Are US stocks too pricey for UK investors?

As we wait in line for our vaccinations, each day the prospects for the economy seem brighter. Investors face a tricky decision. Should they look for companies and countries yet to recover from a dire 2020 or stay with areas that thrived during the pandemic?

Valuations may influence your choice. If your portfolio reflects the shape of global markets, you will have significant exposure to the US. Looking at the average multiples of earnings for each stock market, the US appears expensive today. The S&P index is close to 20 times earnings and yielding 1.5 per cent, according to Bloomberg. This compares with the UK’s FTSE 100 at 12.8 times earnings and a yield of 3.2 per cent, which seems more secure after last year’s dividend cuts.

Some might call that an argument for investing in the UK and add that you avoid currency risk in the process. Over the long term, the currency where a company makes its profits should determine its value and the exchange where the shares are quoted should matter little. Large companies sell in all the world’s currencies — whether their shares are quoted in sterling or US dollars does not change the underlying earnings. 

The valuation argument is less compelling when you dig deeper, too. Before taking money out of the US, investors should bear in mind that these headline figures are distorted by a market that contains large technology stocks on very high earnings multiples. The UK index has a much higher weighting to banks and oil companies, which trade on modest multiples.

The largest US companies are growing fast: revenue growth for Apple this year is forecast at 21 per cent, Microsoft at over 14 per cent and Amazon at 22 per cent. They need high investment to support this growth, and this is deducted from declared earnings — partially explaining the high price-earnings multiples. Tesla tops the list, on 205 times earnings.

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Though the Faangs — Facebook, Apple, Amazon, Netflix and Google/Alphabet — are far from facing imminent doom, we should not assume they will maintain their dominance. Consider how much the leadership of the index changes: Apple, Microsoft and Amazon lead today, while Exxon (#1 in 2013) is now 28th, IBM (#1 in 1985) is 67th and General Electric (#1 in 2000) is 73rd by market value. European markets seem to rotate their largest stocks more slowly.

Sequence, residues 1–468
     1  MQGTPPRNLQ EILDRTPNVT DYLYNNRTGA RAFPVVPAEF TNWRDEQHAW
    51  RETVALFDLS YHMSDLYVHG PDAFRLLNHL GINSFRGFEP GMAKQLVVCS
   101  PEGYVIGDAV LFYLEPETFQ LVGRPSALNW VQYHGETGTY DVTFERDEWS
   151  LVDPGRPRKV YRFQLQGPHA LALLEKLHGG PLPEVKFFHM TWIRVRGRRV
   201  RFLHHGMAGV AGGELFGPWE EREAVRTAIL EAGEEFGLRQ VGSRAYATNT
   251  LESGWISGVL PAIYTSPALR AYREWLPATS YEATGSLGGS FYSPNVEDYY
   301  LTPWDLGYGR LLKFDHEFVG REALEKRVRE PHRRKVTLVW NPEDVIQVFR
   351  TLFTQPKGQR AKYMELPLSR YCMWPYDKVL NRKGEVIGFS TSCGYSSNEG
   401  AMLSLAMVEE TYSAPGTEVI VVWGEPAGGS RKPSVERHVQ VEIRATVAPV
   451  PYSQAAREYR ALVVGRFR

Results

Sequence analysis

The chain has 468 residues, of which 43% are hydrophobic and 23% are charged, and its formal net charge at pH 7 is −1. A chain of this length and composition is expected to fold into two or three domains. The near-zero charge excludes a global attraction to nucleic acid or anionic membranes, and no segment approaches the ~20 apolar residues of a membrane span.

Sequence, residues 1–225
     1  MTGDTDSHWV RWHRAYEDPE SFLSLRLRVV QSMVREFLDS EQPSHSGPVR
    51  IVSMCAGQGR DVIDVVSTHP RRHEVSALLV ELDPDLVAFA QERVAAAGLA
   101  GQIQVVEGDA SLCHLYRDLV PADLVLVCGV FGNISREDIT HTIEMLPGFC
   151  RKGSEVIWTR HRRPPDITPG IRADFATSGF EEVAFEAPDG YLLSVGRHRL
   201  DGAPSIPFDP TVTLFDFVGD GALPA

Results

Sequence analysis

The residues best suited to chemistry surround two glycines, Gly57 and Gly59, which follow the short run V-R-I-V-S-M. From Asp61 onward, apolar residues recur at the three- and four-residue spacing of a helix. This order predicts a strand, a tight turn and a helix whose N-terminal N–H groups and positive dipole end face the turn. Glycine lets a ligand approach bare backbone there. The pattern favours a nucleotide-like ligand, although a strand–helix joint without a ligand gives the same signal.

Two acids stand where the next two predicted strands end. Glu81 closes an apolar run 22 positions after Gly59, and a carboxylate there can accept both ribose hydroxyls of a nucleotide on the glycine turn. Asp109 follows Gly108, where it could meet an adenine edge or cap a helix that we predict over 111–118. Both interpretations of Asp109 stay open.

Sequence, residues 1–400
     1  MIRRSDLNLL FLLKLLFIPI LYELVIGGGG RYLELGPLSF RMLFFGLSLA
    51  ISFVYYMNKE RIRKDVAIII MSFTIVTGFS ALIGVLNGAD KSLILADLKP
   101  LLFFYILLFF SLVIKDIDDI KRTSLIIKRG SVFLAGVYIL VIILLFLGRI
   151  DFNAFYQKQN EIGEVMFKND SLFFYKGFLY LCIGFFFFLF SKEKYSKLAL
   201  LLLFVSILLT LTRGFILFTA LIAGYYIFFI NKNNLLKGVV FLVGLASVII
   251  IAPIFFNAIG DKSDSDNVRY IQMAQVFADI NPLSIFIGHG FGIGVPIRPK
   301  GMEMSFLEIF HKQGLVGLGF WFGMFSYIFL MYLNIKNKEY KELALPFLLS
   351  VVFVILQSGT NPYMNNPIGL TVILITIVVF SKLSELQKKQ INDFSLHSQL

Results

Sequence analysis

Look beyond the US mega-cap stocks and you start to see the extraordinary breadth and depth of American capitalism. We are living through a period of rapid innovation in semiconductors, software, cloud applications, automation, materials science and biotechnology.

Most of the companies I will highlight as illustrations here are held in funds I co-manage. I know them well. But there are plenty of other stocks that have powerful business cases. With as many as 6,000 companies listed in the US, there is no need for investors to risk all on one or two stocks. You can diversify and still prosper.

In software we look for younger companies, with proven products, seeing very high growth as businesses invest in their digital capabilities. Varonis, a cyber security company, has a trick of logging into a company’s intranet and showing the management how easy it is for employees to access information they have no right to see. Its sales grew 15 per cent last year and are expected to grow by 22 per cent in 2021.